Chicago, Illinois— Cardiologist Sughil Sheth received $13.4 million over a period of five years (2002-2007) by billing Medicare for reimbursement of extensive cardiac care that was not, according to U.S. Attorney Patrick Fitzgerald, ever performed. Sheth allegedly performed Medicare Fraud by hiring individuals to falsify patient names, insurance data, and dates in order to bill $8.3 million to Medicare and $5.1 million to other insurers.
In the second case, general practitioner Otto Garcia Montenegro was charged with healthcare fraud—for using his Chicago-area clinic to submit false claims over a period of four years (2003-2007). Rather than collecting co-pays and deductibles from his patients in accordance with the standard procedure, Montenegro submitted hundreds of claims to insurers for treatments that were never performed. As a result, he collected nearly $900,000 in payment from health care insurers and exhausted patient deductibles in the process.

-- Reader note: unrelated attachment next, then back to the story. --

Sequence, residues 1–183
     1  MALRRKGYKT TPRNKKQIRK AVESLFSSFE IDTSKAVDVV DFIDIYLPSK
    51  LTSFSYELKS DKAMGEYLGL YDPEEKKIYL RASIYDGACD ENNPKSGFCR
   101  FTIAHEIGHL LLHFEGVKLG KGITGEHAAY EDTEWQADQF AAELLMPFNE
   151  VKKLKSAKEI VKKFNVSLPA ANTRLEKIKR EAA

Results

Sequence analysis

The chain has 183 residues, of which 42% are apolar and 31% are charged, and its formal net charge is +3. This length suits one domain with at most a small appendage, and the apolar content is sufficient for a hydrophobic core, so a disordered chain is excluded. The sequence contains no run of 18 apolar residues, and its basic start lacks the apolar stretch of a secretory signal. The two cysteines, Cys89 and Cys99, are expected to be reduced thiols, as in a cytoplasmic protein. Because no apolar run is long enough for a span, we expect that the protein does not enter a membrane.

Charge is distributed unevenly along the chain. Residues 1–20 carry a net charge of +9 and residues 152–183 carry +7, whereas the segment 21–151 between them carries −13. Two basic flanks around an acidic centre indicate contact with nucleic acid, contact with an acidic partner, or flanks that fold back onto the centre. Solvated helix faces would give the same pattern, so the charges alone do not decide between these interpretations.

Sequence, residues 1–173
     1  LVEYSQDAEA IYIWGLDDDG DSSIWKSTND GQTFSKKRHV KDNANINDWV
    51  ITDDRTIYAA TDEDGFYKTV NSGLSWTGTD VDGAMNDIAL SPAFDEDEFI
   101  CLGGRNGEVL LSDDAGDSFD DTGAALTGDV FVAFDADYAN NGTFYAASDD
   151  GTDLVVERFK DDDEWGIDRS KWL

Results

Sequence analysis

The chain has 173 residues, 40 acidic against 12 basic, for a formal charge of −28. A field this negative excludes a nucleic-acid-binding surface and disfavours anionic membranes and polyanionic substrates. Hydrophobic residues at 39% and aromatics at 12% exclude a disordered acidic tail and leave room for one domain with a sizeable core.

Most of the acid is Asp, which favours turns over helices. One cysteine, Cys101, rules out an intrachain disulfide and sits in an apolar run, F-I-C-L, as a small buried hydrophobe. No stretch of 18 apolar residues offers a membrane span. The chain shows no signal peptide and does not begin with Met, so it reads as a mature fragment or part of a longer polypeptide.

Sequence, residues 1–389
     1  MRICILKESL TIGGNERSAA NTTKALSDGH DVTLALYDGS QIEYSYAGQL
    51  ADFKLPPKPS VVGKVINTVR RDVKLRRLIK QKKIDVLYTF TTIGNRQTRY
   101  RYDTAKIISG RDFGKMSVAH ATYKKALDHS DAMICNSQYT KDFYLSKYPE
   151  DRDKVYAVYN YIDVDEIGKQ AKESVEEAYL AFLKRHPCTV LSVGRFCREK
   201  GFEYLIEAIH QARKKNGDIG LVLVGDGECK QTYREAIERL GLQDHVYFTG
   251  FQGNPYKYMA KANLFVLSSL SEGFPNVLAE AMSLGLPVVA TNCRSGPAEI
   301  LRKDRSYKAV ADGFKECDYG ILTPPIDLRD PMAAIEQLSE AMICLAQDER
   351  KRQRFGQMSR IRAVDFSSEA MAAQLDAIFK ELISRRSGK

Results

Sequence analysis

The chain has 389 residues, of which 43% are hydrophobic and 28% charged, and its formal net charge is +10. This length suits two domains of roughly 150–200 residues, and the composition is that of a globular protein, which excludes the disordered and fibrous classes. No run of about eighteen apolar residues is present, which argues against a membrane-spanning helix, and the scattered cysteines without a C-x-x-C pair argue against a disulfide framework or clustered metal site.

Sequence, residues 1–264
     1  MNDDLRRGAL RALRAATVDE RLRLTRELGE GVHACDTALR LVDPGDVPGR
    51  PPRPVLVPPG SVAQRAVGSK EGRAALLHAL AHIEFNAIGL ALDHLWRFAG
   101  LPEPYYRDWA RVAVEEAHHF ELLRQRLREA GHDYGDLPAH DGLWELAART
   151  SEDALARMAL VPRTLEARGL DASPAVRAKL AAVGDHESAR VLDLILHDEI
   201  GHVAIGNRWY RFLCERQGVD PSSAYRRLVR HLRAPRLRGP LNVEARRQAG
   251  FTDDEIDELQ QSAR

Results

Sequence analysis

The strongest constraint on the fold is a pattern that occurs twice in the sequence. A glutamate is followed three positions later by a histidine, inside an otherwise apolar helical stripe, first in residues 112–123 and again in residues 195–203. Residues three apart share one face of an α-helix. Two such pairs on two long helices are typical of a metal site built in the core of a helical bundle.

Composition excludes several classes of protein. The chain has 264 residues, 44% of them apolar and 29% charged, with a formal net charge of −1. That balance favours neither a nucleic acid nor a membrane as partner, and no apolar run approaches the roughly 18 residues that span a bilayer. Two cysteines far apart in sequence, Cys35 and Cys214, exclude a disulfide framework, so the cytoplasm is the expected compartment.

Regarding their cases, United States Attorney Patrick Fitzgerald said: “Healthcare fraud remains an important priority of federal law enforcement. We will use all of our resources to ensure that dishonest physicians and other medical providers do not profit from cheating Medicare and private insurers.”
While this announcement involved criminal indictments, it is likely that prosecutions under the federal False Claims Act will follow.
To read the full press release, go here.